The month of April is dedicated to understanding exactly what autism is and promoting inclusion for everyone who falls within the spectrum.
Autism Spectrum Disorder (ASD) is a developmental disability most commonly affecting how a person communicates and interacts with others. In 2016, the Centers for Disease Control and Prevention reported that one out of every 68 children in the U.S. will face an ASD diagnosis. As a spectrum disorder, the disability affects everyone differently. There is no blanket treatment to solve all of the associated difficulties, but there is a special support system lending a helping paw.
New studies show that dogs and other kinds of pets have positive influences on those diagnosed with ASD. Autism assistance dogs don’t guide their handlers down the street or perform physical tasks like opening doors. They’re different than both service dogs and therapy dogs, but the roles they play in the lives of people with autism should not be underestimated.
Here are three ways living with a dog benefits those with ASD.
Furry, friendly, and completely non-judgmental, the simple presence of a dog is a powerful concept in relation to emotional stability. In a world where people communicate with body language, voice infliction, facial impressions, and even sarcasm, a dog’s transparent gaze is a welcome relief to those who struggle to connect.
A dog is a friend 24/7—a friend that is always there regardless of differences or vulnerabilities. That emotional interaction is something children with autism may struggle to achieve with peers and even family. Interacting with a dog gives a child with autism the freedom to be themselves without worry. Parents of children with autism assistance dogs notice their kids begin to open up and express their personalities with more confidence.
Talking openly with a dog gives children both the courage and social skills they need to communicate with others. As the child is introduced to the dog, they form the kind of bond that is often out of reach for many individuals with ASD. According to Lisa Jo Rudy, author of the article, “Do People with Autism Lack Sympathy and Empathy,” because people with autism struggle with interpreting body language, they often come across as unempathetic.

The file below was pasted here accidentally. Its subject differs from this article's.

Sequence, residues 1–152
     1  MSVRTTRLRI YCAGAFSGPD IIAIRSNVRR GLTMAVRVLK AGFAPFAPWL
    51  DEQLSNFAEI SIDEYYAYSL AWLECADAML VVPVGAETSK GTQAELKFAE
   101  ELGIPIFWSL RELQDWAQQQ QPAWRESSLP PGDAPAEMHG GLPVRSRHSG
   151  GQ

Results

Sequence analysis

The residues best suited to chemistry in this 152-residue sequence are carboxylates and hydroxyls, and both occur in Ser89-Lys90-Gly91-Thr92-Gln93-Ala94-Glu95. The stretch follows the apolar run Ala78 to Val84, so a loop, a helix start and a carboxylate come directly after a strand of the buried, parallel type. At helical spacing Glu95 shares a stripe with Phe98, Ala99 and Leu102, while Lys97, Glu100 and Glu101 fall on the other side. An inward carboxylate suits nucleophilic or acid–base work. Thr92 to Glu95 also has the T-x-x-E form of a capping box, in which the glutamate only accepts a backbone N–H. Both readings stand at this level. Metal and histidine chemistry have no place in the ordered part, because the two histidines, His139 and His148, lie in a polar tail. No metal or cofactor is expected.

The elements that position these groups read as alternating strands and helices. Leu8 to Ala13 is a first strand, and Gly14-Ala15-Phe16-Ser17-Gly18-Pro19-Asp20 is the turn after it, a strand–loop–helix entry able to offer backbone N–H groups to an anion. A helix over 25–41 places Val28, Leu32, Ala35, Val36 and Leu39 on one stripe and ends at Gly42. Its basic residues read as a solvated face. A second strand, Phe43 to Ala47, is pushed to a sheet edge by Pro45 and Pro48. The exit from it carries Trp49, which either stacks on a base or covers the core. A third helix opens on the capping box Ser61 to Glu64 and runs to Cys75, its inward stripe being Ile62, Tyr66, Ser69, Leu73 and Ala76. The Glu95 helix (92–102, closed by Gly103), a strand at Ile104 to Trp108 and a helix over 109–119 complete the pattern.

The friendship they form with a dog, however, helps them develop social skills needed to recognize and relate to other people’s feelings. If they can interact confidentially with a dog, having a conversation with a child their age is slightly less scary. According to Autism Speaks, children with autism who have pets at a young age tend to develop greater social skills.
Large crowds, loud noises, and unfamiliar settings are scary and intimidating for someone uncomfortable with social situations. Those feelings can be strong enough to keep a person indoors and isolated. But having a dog by their side is both a confidence booster and safety buffer. Children with autism often panic in public situations and struggle to understand the concept of personal safety.
They may run into traffic if they get scared by something they encounter on the sidewalk or simply wander off intent on a purpose that puts their safety at risk. According to Project Chance, autism assistance dogs offer a unique form of help. The dogs are trained to stay with their young charges, and the child and dog can be tethered together to prevent the child from getting frightened and running away.
Dogs have the ability to adapt and be whatever they’re needed to be. They’re friends to children with autism struggling to make connections with peers, soundboards for venting, guides, teachers, and confidence-givers. They bridge the emotional, behavioral, and social gaps brought on by ASD-associated disabilities and have proven to bring positive change to the lives of thousands of people.
Do you know someone with an autism assistance dog? Let us know in the comments.
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